“Punting the Pundits” is an Open Thread. It is a selection of editorials and opinions from around the news medium and the internet blogs. The intent is to provide a forum for your reactions and opinions, not just to the opinions presented, but to what ever you find important.
Wednesday is Ladies’ day. Scroll down for the Gentlemen.
Thanks to ek hornbeck, click on the link and you can access all the past “Punting the Pundits”.
Katrina vanden Heuvel: The GOP’s state-by-state crusade to disenfranchise voters
With only a week left before the United States of America could default on its debt, it’s easy to look at the federal government and wonder how we ever made it this far. Who would have guessed that a committed gang of extremists could bring down the economy? And yet, that’s where we find ourselves today, cornered by a manufactured crisis and running out of time. As Larry Sabato rightly tweeted over the weekend, “For anybody who teaches the American system and believes in it, this has been an extremely discouraging week.”
Unfortunately, the assault on our democracy is not confined to Congress or the standoff over the debt ceiling. It is also seeping into the states, where voting rights – the fundamental underpinning of any democracy – are being curbed and crippled.
In states across the country, Republican legislatures are pushing through laws that make it more difficult for Americans to vote. The most popular include new laws requiring voters to bring official identification to the polls. Estimates suggest that more than 1 in 10 Americans lack an eligible form of ID, and thus would be turned away at their polling location. Most are minorities and young people, the most loyal constituencies of the Democratic Party.
Amy Goodman: War Is a Racket
“War is a racket,” wrote retired U.S. Marine Maj. Gen. Smedley D. Butler, in 1935. That statement, which is also the title of his short book on war profiteering, rings true today. One courageous civil servant just won a battle to hold war profiteers accountable. Her name is Bunnatine “Bunny” Greenhouse. She blew the whistle when her employer, the U.S. Army Corps of Engineers, gave a no-bid $7 billion contract to the Halliburton subsidiary Kellogg, Brown and Root (KBR) as the invasion of Iraq was about to commence. She was doing her job, trying to ensure a competitive bidding process would save the U.S. government money. For that, she was forced out of her senior position, demoted and harassed.
Just this week, after waging a legal battle for more than half a decade, Bunny Greenhouse won. The U.S. Army Corps of Engineers settled with Greenhouse for $970,000, representing full restitution for lost wages, compensatory damages and attorneys’ fees.
Her “offense” was to challenge a no-bid, $7 billion+ contract to KBR. It was weeks before the expected invasion of Iraq, in 2003, and Bush military planners predicted Saddam Hussein would blow up Iraqi oilfields, as happened with the U.S. invasion in 1991. The project, dubbed “Restore Iraqi Oil,” or RIO, was created so that oilfield fires would be extinguished. KBR was owned then by Halliburton, whose CEO until 2000 was none other than then-Vice President Dick Cheney. KBR was the only company invited to bid.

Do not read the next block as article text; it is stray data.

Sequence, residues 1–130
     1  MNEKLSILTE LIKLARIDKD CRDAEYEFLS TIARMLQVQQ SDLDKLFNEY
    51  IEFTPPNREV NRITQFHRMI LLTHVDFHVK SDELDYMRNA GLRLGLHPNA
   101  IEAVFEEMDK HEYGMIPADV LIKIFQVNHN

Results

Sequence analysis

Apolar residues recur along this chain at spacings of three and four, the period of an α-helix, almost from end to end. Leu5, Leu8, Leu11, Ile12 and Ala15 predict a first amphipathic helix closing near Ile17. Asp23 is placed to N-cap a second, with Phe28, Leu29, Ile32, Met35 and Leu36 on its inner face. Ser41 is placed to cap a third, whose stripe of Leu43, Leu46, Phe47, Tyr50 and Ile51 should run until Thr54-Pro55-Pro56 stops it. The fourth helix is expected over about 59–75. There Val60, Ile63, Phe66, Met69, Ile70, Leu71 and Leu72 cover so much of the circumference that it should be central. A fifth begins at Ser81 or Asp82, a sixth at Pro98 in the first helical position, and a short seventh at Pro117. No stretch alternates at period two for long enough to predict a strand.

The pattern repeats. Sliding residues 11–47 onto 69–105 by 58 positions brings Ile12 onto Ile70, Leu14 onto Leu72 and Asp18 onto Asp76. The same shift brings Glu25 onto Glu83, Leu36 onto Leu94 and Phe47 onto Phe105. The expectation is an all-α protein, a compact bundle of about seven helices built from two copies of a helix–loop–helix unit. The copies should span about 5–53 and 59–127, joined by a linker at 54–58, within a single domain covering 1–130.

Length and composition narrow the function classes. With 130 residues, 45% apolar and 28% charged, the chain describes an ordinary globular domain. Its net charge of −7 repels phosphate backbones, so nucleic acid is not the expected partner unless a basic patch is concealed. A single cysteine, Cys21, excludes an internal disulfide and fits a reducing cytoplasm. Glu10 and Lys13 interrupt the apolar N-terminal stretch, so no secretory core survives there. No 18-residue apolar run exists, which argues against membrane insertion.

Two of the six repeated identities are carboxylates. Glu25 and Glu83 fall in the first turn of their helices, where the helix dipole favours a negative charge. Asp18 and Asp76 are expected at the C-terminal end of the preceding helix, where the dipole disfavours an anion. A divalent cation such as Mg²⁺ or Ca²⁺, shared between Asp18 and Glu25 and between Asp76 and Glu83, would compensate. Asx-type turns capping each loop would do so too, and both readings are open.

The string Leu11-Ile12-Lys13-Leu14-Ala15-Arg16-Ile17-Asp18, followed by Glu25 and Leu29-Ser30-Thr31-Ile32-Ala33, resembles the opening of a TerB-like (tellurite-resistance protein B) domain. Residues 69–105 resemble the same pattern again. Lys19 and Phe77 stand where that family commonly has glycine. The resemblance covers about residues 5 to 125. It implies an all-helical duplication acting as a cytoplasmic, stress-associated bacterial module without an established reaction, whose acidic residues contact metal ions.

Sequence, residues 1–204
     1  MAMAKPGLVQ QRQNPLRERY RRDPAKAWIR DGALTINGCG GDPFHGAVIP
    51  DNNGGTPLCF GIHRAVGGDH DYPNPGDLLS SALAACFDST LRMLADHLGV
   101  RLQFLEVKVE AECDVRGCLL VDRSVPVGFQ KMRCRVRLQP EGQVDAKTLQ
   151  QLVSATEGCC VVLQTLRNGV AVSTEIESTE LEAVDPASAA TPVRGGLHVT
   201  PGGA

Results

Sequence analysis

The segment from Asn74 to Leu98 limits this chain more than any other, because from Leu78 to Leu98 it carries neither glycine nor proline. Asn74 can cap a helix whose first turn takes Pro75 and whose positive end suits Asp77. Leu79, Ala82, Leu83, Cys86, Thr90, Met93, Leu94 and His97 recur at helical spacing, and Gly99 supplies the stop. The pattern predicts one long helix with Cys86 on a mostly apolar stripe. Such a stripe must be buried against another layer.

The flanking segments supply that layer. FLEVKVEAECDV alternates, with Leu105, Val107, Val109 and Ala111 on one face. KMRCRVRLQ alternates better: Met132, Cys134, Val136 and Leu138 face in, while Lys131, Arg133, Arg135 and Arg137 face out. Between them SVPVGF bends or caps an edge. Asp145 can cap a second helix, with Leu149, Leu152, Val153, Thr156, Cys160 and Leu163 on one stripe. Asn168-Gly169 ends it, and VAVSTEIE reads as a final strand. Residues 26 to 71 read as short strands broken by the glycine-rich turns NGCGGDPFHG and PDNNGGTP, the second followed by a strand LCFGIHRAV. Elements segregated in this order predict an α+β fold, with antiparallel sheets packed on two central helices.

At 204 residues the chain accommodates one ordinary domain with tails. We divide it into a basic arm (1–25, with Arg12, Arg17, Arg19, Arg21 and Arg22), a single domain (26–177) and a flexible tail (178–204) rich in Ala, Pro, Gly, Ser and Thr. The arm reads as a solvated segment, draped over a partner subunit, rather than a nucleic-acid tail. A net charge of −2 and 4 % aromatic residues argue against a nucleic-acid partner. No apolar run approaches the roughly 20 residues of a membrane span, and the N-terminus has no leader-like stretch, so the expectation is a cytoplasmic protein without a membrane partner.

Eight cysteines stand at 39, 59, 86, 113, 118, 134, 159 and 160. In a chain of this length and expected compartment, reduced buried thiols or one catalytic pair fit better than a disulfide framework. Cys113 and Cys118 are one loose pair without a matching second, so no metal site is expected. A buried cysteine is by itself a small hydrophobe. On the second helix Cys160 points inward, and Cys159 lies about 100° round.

: Not O.K. at the O.K. Corral
For half a century, our trust in government has been falling off a cliff. Some presidential elections have been more about voting against somebody rather than for somebody. There were upticks in faith when Ronald Reagan and Bill Clinton delivered prosperity.
But now trust levels are drooping even lower. The public has less faith in Congress than Wall Street, and that’s saying something. Most Americans either feel that government is broken or that the fix is in, so that special interests and a handful of people at the top are the only ones benefiting.
The last century was the American century. But this one will not be, thanks to George W. Bush and Dick Cheney, who used their boots and spurs to ride roughshod over the globe and American economy. They spent eight years and trillions of dollars either barging into stuff they should have left alone or leaving alone stuff they should have intervened on.
Annie Lowrey: The Markets Yawn
Why isn’t Wall Street panicking about the default crisis yet?
Predicting where the market is heading is a daft exercise. But its nonchalance suggests that investors are no more worried about the possibility of a U.S. default today than they were on Friday. The consensus seems to be that the debt-ceiling crisis is an obnoxious piece of political theater that will end as close to the default deadline as possible, and that it is not an actual financial crisis that needs handling now.
Indeed, the current “crisis” is a manufactured one. Of course the United States needs to get its fiscal house in order. Of course the debt has ballooned to threatening levels. But the problem remains long-term and mostly about ensuring job growth and bending down the health care cost curve. Still, it is not clear what the scale of the catastrophe could be should Congress fail to raise the debt ceiling. Some investment banks speculate that the market reaction might not be as bad as people think, with government going into a very short-lived shutdown, voter anger forcing Congress to get its act together, and the market rolling its eyes even if it dumps some bonds.